WAYS TO TEST YOUR POLARISED SUNGLASSES

Polarised sunglasses tend to be significantly more expensive than regular shades, and it is essential to ensure that you are getting your money’s worth.

With temperatures reaching 35℃ in Sydney, the sweltering sun proves to be a pain and is bound to leave you squinting. Products like Ozeano’s Vision Eco-friendly sunglasses have been in the spotlight for keeping millions under the sun safe while being sustainable and friendly to the environment!

What are Polarised Sunglasses, and how do they work?

Polarised lenses are coated with a particular chemical whose molecules are arranged to block out light passing through at a certain angle.

Typically, light is reflected off every surface, but it is reflected at one angle only and is a little more intense when it bounces off a smooth surface. This is colloquially termed a glare.

The filter blocks out all horizontal light, and only waves travelling vertically to the eye can pass through. This reduces or eliminates any effect light glares have on you!

Some glasses are insufficiently polarised, while others could be fake. In such instances, it pays off to know if you have a valuable and functional product at hand and here are a few easy steps to confirm the same.

1. Visual Observation

Many companies place temporary stickers on the lenses, which tell you if they are polarized. Other manufacturers have specific patterns or designs that they mark authentic products with. There is no cost barrier, and it is pretty easy to print a fake sticker.

If you order from verified product sites such as Ozeano Vision Eco-Friendly sunglasses, chances are your product details can easily be found online, and you can trust these details.

2.Test with a pair of Polarised Glasses

If you have a pair of polarised glasses, place them in front of the test sunglasses about an inch away. Align them and hold them out in front of you. You should see a distinct yet darkened image. Now hold the test sunglasses at a 60° angle and then at a 90° angle from the centre. The image should be darkest at 90°. If there is no darkening, this proves the absence of a polarising filter.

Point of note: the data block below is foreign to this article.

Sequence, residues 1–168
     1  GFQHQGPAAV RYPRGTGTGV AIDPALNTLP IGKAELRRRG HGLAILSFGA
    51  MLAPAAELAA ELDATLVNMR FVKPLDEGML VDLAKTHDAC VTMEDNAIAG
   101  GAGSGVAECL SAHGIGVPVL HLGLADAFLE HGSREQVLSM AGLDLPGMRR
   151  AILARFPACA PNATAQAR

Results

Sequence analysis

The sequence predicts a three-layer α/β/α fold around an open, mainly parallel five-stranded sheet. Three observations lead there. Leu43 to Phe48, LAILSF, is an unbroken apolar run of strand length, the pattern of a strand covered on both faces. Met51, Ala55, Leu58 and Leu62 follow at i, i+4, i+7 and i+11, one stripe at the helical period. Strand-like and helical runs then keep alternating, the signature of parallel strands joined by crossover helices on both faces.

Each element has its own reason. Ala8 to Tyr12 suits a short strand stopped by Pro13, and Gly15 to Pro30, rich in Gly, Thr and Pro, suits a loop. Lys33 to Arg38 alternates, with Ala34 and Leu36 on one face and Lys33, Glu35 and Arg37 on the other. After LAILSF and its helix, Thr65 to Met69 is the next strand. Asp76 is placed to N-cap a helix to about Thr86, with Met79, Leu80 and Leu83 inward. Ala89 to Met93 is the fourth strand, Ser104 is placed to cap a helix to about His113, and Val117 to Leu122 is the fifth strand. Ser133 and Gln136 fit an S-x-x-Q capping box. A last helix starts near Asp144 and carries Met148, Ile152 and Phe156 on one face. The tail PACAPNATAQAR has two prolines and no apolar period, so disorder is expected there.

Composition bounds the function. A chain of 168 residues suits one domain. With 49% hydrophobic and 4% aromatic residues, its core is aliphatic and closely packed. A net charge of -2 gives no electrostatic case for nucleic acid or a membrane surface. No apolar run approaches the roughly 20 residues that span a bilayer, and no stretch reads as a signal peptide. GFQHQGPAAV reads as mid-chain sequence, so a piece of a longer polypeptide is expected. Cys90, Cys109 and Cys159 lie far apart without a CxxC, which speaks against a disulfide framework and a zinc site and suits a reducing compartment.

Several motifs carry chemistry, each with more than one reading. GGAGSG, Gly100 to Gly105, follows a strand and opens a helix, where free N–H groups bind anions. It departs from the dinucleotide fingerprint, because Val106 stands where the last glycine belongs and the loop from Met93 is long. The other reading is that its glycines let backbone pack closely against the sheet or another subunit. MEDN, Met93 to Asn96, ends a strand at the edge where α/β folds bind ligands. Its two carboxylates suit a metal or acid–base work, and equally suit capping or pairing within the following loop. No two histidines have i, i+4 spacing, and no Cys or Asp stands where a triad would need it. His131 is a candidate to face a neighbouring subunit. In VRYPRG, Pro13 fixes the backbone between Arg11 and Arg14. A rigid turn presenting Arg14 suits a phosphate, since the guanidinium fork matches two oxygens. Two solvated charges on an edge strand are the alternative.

3.Test Sunglasses with Reflective Surfaces

You will need a highly reflective surface and a source of light. Focus the source of light towards the reflective surface and view the glare through your sunglasses. Rotate your sunglasses gradually until it is placed at 60°. If the glare disappears at specific points, your pair of sunglasses has a polarization filter.

In most cases, surfaces do not completely polarise light, and a little reflected light is still seen.

4.Polarization Test Cards

Polarisation test cards can be bought, and they are cards with unique surfaces that reflect polarized light. A distinct pattern or design can be seen on the card when viewed through a polarised lens. This provides a definitive result without the added pressure of doubting whether a result is positive or negative.

Some models also come along with test stickers. While creating false functional stickers is difficult, it is not impossible, and it might be clever to purchase test cards separately.

5.Mobile Test

Smartphones are already equipped with anti-glare technology, and this is based on polarization mechanics. Wear the test sunglasses and view your screen while turning your head sideways. If the image tends to darken in certain regions, a polarization filter is most likely present.

Multiple methods can be used to test the presence of a polarization filter, but distinguishing a positive result from a negative one can be difficult. Given the product’s price tags, it is wiser to test out the product before purchasing it or procuring them from verified manufacturers.

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